Since time immemorial, the Spires have sheltered humanity, towering for miles over the mist-shrouded surface of the world. Within their halls, aristocratic houses have ruled for generations, developing scientific marvels, fostering trade alliances, and building fleets of airships to keep the peace.
Captain Grimm commands the merchant ship, Predator. Fiercely loyal to Spire Albion, he has taken their side in the cold war with Spire Aurora, disrupting the enemy’s shipping lines by attacking their cargo vessels. But when the Predator is severely damaged in combat, leaving captain and crew grounded, Grimm is offered a proposition from the Spirearch of Albion—to join a team of agents on a vital mission in exchange for fully restoring Predator to its fighting glory.
And even as Grimm undertakes this dangerous task, he will learn that the conflict between the Spires is merely a premonition of things to come. Humanity’s ancient enemy, silent for more than ten thousand years, has begun to stir once more. And death will follow in its wake…
This was far and away the most poorly written Steampunk novel I’ve read to date (if you can even really call it Steampunk…), but at least it was moderately entertaining.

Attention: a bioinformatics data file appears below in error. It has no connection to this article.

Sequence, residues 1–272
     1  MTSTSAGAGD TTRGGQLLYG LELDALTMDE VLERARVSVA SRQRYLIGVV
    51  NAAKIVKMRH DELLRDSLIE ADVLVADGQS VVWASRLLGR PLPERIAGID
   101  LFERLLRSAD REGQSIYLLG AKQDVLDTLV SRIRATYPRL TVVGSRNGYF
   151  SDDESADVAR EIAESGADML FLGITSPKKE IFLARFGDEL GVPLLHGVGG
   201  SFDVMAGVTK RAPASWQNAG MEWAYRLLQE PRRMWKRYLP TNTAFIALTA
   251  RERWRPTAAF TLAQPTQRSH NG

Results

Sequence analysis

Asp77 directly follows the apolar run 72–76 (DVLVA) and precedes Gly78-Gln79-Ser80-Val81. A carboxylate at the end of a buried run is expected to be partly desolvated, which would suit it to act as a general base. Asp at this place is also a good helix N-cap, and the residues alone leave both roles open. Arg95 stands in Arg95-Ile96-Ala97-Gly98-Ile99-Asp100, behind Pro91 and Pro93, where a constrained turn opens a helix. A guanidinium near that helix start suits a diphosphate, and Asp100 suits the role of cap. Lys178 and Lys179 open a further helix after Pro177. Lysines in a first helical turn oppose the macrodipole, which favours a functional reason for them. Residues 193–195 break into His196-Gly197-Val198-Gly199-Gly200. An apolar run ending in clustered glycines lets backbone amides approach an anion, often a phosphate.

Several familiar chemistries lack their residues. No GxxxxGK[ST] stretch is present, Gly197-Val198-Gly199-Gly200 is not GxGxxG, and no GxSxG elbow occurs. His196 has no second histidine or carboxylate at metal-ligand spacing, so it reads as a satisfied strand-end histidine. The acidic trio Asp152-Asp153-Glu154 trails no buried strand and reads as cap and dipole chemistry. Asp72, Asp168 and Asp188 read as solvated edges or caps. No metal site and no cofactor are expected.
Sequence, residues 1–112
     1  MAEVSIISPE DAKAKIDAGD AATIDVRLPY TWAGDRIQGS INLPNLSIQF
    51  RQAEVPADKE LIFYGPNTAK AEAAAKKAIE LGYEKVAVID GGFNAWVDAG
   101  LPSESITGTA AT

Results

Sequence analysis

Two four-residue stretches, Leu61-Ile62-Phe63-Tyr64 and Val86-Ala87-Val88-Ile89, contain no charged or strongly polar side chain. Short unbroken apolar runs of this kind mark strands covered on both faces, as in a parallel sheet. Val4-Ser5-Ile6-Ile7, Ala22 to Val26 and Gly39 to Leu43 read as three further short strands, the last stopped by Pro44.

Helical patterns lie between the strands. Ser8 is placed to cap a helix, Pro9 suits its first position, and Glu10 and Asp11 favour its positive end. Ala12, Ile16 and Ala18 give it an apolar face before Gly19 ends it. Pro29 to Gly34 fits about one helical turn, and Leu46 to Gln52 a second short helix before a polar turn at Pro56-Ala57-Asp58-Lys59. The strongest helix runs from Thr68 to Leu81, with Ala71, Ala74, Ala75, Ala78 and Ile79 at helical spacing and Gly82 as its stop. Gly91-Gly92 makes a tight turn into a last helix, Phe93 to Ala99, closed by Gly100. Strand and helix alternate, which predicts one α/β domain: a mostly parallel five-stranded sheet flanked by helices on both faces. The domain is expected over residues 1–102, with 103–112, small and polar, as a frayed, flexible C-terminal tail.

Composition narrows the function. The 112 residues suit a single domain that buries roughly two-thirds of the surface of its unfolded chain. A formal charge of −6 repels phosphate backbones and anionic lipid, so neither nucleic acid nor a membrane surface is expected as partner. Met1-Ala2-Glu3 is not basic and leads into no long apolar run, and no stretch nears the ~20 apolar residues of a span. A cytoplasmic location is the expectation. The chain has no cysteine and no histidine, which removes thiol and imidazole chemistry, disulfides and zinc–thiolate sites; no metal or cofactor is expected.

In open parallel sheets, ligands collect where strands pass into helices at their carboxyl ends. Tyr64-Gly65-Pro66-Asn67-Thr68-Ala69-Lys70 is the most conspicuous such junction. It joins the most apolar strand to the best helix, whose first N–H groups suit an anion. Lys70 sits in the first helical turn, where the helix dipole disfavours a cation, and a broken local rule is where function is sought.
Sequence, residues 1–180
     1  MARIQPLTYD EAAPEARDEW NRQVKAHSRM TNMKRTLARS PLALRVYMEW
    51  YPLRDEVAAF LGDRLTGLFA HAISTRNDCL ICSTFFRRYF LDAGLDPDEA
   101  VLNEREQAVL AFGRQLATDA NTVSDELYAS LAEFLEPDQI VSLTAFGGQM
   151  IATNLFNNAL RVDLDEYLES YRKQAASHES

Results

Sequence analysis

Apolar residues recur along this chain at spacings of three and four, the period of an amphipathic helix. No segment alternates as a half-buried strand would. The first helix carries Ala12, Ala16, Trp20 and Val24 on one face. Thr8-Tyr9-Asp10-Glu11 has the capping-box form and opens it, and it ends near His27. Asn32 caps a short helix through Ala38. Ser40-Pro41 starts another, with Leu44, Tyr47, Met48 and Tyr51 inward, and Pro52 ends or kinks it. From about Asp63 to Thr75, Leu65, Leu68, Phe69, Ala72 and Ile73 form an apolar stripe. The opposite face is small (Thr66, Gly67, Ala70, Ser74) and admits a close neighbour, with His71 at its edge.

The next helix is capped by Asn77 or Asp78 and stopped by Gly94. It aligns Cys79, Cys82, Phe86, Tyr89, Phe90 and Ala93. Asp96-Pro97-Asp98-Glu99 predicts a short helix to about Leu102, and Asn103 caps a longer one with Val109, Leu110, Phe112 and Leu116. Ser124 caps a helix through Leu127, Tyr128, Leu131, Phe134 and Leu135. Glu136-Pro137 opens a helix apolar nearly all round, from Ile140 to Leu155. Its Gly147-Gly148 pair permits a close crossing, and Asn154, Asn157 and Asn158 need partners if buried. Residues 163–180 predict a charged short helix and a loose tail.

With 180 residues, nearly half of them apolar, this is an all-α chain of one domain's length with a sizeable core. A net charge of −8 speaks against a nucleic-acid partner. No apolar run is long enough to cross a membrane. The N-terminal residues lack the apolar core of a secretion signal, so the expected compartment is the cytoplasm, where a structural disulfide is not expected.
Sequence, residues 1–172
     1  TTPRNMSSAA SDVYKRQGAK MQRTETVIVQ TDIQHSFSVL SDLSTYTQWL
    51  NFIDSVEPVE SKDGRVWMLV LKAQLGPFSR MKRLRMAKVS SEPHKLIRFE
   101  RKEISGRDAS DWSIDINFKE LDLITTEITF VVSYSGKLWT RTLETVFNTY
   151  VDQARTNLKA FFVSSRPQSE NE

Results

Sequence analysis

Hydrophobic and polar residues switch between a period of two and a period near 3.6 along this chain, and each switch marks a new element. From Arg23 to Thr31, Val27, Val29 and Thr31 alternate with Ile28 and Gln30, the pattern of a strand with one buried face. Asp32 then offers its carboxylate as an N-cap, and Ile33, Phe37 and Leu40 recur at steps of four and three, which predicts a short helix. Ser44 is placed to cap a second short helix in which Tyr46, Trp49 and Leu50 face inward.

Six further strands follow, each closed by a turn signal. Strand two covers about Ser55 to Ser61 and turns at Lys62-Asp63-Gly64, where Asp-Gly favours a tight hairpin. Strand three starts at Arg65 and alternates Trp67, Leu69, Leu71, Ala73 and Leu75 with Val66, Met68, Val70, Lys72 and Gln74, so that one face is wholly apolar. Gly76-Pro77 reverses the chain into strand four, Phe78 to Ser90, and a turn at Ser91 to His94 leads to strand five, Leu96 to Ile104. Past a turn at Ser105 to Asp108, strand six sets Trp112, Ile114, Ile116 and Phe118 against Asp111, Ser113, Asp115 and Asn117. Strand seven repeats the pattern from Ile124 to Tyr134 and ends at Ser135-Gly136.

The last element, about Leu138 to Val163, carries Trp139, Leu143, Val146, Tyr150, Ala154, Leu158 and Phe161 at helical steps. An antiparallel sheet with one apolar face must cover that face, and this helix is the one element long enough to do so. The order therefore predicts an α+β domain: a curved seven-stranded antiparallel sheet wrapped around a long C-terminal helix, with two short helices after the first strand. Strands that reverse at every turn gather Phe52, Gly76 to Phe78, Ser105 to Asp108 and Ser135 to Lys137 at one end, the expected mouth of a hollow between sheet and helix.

To start with, the Steampunk genre requires the use of STEAM technology. The Aernaut’s Windlass operates primarily using crystal energy, so it’s really just a regular old fantasy novel. But Jim Butcher was obviously enamored with the look of Steampunk (or at least enamored with the potential sales market of Steampunk), and so contrived a million reasons why people might need ____. “Gauntlets always look cool, what if they were somehow the primary weaponry instead of guns?!” And so on.
Another large problem, over 600 pages later I still don’t know what a “Windlass” is. This book had way too much unexplained jargon in it, which could have been cool I guess, but the descriptions and exposition weren’t vivid enough for me to figure it out. In general I think fantasy is more believable when the author doesn’t go about explaining what everything is, and Butcher definitely just jumped in. But he spent too much time focusing on stuff, and ignored almost any descriptions that would give me any idea what was going on.
Besides that, the book was just bad. The characters were one-dimensional, and the relationships they built completely emotionless. The dialogue was terrible, worse than Twilight. The pacing was completely off, especially toward the end as Butcher tried to build up toward the climax for a good 200 pages. It didn’t work. The story was too meandering, adding twist after twist that didn’t build suspense so much as became predictable and cliche. The villains lacked motivation, a transparent attempt to get readers to buy the next book and find out what their motivation is. And the fight sequences were so long as to become tiresome. Think Superman “Man of Steel”.